I believe that the growth of the human population over the last couple of centuries, is due to the use of "Fossil" fuels. When these run out, the populations must decline to pre-fossil-fuel levels!
The "Easter Island" syndrome
Thanks Kurt! A useful reminder about how deceptive production figures can be.
I wonder, for example, when production from tar sands is examined, do they take into account the high proportion of solvent they add to the tar to make it fluid enough to pump south? The solvent is not part of the production as it just goes around in circles. But I suspect its double counted as 'production' at the border.
If you search for 'EROEI peak oil', of course you will come across all the fine work done by your old friends at the Oil Drum and beyond. Not a new concept, but an important one to bear in mind.
Net energy is the issue. Did you catch
John Thackara's post "Thriving on Fie Percent".
Thank you Kurt for this article and for your work as a whole.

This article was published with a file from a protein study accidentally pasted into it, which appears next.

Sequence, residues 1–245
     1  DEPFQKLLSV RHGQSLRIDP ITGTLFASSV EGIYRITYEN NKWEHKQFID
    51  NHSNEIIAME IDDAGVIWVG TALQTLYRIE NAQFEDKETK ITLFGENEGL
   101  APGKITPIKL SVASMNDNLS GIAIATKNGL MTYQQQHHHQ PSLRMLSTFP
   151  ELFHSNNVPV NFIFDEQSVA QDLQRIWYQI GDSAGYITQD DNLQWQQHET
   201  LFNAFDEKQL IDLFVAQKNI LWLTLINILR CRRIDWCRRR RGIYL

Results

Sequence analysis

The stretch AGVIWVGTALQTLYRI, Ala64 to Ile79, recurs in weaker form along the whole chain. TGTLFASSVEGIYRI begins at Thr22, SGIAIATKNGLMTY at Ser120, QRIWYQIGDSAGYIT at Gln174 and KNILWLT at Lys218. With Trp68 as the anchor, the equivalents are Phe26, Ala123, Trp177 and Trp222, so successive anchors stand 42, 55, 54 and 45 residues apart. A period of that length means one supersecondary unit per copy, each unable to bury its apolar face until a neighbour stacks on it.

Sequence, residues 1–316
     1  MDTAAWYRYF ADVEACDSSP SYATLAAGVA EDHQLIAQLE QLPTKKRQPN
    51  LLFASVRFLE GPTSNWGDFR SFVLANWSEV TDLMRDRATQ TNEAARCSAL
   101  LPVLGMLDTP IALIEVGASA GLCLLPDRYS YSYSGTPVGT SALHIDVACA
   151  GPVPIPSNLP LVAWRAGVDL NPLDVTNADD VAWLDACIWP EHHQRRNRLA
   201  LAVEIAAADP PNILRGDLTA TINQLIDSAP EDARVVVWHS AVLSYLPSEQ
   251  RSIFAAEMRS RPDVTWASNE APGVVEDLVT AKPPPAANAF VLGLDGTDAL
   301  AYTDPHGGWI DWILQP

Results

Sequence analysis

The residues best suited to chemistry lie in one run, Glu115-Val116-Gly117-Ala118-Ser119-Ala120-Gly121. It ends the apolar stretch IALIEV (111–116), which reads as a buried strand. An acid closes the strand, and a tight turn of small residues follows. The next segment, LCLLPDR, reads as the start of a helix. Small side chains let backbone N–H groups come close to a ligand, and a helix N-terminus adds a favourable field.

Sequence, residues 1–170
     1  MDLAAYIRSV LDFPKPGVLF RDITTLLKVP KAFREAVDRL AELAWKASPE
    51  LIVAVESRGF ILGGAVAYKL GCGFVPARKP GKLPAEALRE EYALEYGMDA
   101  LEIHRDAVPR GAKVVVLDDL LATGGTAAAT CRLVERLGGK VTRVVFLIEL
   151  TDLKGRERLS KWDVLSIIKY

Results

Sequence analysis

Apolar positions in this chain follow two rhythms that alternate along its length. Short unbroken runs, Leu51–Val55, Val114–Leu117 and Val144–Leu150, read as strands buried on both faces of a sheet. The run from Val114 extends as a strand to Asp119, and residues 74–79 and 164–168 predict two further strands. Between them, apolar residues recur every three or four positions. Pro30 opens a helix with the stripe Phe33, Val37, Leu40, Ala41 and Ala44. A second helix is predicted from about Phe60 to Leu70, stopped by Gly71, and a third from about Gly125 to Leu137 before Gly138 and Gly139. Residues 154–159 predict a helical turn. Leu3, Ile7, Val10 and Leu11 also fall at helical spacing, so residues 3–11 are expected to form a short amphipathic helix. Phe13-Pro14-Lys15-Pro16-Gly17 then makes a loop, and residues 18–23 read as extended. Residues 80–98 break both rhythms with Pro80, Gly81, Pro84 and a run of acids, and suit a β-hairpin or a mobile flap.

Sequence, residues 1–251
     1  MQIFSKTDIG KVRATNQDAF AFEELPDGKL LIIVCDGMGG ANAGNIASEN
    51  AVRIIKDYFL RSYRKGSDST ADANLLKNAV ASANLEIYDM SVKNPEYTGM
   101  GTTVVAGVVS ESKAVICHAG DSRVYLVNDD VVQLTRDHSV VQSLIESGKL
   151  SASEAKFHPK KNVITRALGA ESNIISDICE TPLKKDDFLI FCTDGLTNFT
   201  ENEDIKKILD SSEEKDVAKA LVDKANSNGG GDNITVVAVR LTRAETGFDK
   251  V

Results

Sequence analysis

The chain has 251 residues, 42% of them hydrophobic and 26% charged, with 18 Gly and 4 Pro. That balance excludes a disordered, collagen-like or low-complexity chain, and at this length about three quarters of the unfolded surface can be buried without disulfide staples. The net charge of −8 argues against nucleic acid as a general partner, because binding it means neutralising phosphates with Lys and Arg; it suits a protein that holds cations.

This short comment could be titled “the good, the bad and the ugly in the oil and gas industry Canadoil Thailand and the Sozzi Family”. For a short back ground: in the middle of the 2000s The canadoil group decided to build new factories in Thailand to support the Canadoil group growth strategy. Canadoil pipe, Canadoil asia and Canadoil plate were born. The business looked good but after a couple of years of activity the goals weren’t met. The company fell into default shortly after drawing down USD 150m of the Credit Suisse-arranged USD 250m facility in early 2011 ( Debtwire 11-Mar-14 by Chaim Estulin for a story summary). In short, the Canadoil business in Thailand is now dying and the Sozzis try to get as much money as they fill ridiculous USD 1.5 bn claims against the existing dying companies (500 employees). Giacomo Sozzi was already sent to trial in Canada for fraudulent management suspicions within Canadoil group of companies. It is also commented the direct and indirect transactions the Canadoil companies had been involved with Iran despite the UN bans…
I personally work in the oil and gas industry and I totally am aware of the high costs also the huge profit this industry creates but our first purpose is to deliver energy everywhere to those in need. The point is I am getting mad at greedy guys like this. What do they think about? Those guys are responsible for the bad reputation this industry has.
So yes fossil fuels are finite and it certainly is an impacting factor on prices but so are greedy management and lack of empathy.
@anonymous “the good, the bad and the ugly in the oil and gas industry Canadoil Thailand and the Sozzi Family” LOL. Do you have more stuff on this story? Can you send MP?